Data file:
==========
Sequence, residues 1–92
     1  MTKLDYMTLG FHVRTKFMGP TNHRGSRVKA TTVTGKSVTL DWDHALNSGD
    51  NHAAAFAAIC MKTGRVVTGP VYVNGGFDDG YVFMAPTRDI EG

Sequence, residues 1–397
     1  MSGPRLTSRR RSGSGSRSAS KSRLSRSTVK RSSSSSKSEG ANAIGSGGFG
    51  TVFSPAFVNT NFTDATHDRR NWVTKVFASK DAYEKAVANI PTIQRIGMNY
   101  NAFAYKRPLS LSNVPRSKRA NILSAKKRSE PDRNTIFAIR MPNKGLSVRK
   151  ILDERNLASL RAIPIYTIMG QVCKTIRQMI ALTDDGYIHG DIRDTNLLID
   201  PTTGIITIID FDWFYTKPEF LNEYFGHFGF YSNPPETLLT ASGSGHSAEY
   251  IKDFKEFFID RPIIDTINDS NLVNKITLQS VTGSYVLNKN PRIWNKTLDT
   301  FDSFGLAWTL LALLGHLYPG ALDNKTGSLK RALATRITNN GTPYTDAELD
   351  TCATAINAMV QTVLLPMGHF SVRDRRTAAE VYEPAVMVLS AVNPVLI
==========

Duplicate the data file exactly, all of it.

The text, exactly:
Sequence, residues 1–92
     1  MTKLDYMTLG FHVRTKFMGP TNHRGSRVKA TTVTGKSVTL DWDHALNSGD
    51  NHAAAFAAIC MKTGRVVTGP VYVNGGFDDG YVFMAPTRDI EG

Sequence, residues 1–397
     1  MSGPRLTSRR RSGSGSRSAS KSRLSRSTVK RSSSSSKSEG ANAIGSGGFG
    51  TVFSPAFVNT NFTDATHDRR NWVTKVFASK DAYEKAVANI PTIQRIGMNY
   101  NAFAYKRPLS LSNVPRSKRA NILSAKKRSE PDRNTIFAIR MPNKGLSVRK
   151  ILDERNLASL RAIPIYTIMG QVCKTIRQMI ALTDDGYIHG DIRDTNLLID
   201  PTTGIITIID FDWFYTKPEF LNEYFGHFGF YSNPPETLLT ASGSGHSAEY
   251  IKDFKEFFID RPIIDTINDS NLVNKITLQS VTGSYVLNKN PRIWNKTLDT
   301  FDSFGLAWTL LALLGHLYPG ALDNKTGSLK RALATRITNN GTPYTDAELD
   351  TCATAINAMV QTVLLPMGHF SVRDRRTAAE VYEPAVMVLS AVNPVLI